Rien Bor, student recruitment
'Entering your journey in My Travel takes forever. There are countless irrelevant standard questions. Then various people have to give their electronic approval. Naturally they happen to be ‘out of office'. Then you have to enter it again in EBS and get approval, and then it doesn't allow for any preferences. The systems don't work, can't be accessed from outside the University and are regularly out of order. There are lots of errors too with bookings. I have already been at Schiphol airport and found there wasn't a ticket for me. Turned out it hadn't been entered properly in EBS. It would be going too far to report here all the misery of the past year.'

H. J., Alterra researcher
'If you are going to enter your expenses in MobileXpense, you should definitely only do so at the office (during office hours?). I have tried doing it at home (broadband connection) outside working hours but eventually the program inevitably grinds to a halt ("error on page", "please wait... The data is being processed", etc.) and you have to start all over again. Although I will admit that I haven't tested MobileXpense in Timbuktu so perhaps it does work there.'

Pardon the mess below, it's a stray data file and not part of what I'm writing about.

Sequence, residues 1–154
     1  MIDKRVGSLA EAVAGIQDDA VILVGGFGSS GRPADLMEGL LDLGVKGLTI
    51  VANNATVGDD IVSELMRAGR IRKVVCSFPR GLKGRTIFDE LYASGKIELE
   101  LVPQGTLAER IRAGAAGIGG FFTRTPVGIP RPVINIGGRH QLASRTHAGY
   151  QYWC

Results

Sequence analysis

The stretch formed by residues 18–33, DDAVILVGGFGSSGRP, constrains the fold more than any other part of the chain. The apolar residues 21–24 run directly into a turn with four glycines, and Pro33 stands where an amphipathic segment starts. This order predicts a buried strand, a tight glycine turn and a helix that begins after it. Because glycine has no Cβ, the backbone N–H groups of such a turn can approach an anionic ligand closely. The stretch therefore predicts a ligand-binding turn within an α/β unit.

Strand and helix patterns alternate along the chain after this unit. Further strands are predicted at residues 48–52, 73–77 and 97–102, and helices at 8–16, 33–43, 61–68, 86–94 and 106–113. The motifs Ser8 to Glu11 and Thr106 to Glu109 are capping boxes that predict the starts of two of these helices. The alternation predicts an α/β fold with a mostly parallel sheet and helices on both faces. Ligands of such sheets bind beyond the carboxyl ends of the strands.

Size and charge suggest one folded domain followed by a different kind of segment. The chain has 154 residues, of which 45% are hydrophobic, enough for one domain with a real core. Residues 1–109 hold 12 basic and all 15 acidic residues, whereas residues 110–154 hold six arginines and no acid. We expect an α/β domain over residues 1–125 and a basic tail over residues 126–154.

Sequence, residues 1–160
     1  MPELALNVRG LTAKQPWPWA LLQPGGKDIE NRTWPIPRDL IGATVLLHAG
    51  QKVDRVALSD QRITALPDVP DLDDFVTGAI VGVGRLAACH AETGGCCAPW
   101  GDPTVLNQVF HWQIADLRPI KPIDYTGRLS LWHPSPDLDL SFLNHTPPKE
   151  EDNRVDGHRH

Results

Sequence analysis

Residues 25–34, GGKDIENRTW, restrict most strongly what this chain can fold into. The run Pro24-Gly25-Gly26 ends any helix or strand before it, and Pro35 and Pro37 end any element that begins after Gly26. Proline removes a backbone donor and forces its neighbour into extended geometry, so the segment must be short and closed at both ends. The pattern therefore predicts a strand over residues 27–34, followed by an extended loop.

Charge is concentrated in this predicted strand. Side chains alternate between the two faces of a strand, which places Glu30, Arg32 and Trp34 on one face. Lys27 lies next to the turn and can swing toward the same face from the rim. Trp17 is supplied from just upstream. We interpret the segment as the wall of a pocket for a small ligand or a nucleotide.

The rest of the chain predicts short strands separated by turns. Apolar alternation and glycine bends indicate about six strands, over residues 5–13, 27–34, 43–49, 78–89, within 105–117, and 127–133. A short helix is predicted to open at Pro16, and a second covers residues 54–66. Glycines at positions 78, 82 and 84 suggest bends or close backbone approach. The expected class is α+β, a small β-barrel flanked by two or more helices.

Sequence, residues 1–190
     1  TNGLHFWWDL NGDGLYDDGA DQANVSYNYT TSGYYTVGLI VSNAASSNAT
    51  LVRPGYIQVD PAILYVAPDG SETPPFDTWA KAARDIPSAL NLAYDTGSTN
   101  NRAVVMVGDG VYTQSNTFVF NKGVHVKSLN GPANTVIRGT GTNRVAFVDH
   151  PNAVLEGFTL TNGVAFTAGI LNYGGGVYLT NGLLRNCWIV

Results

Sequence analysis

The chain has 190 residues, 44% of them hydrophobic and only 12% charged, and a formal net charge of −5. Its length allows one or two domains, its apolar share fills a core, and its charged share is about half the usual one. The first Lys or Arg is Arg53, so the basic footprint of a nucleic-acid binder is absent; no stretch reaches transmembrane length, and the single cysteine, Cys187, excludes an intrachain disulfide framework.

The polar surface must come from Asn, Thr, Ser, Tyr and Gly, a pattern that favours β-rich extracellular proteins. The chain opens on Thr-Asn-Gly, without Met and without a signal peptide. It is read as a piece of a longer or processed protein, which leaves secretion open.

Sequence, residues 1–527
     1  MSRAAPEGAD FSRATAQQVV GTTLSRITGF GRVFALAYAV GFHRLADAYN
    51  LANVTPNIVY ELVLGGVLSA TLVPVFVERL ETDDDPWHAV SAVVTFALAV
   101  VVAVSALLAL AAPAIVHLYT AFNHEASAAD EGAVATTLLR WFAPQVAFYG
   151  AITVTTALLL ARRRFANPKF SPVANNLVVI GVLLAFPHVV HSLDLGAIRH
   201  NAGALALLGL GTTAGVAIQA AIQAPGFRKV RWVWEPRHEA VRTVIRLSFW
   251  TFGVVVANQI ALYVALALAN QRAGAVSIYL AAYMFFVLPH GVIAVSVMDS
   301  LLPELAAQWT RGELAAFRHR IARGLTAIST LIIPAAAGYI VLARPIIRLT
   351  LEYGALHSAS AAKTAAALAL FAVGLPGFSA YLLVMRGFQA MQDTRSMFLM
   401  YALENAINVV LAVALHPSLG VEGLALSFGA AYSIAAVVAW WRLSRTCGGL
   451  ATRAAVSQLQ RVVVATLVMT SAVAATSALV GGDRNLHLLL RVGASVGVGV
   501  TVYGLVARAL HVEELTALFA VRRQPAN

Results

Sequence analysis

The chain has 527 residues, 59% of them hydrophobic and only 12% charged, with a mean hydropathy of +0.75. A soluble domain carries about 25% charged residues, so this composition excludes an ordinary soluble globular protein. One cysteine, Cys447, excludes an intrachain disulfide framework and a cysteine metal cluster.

Thera Leenhouwers, Facility Services manager
'The assignment was to implement a single digital system for the entire organization for travel expenses claims. We did this through a European tender. Complaints? We have had a few reports; we look at them and see if we can find a solution. Often it's problems associated with making the transition: ignorance and yes, a fear of bookkeeping. Incidentally, we also get compliments - "this is really handy", for example.'

Erik Meesters, Imares marine researcher
'It often costs me half a day or a whole day to collect up all my receipts. If they are even legible. In particular receipts from less westernized countries are sometimes illegible because the ink has faded in the sunlight. It is also quite likely that you won't have all the receipts. It is always the employee who ends up paying then. However, I have a solution: a credit card where the user has to say that the costs paid for using that credit card in a particular period belong to a particular project.'

H. J., Alterra researcher
'You also need to keep a good look out for the many zeros after the decimal point with countries like that because of course the system doesn't save the most recent currency entered or exchange rate. So you have to re-enter that every time. No trouble of course.'

Rien Bor, student recruitment
'The entire travel and expenses claims system shows contempt for employees and has become an enormous bureaucratic system eating up time and energy and encouraging fraud.'

Re:actions 1

  • peter tamas

    It is perfectly awful. I'm at the point of just shoving the whole mess into the already overloaded arms of our competent secretary.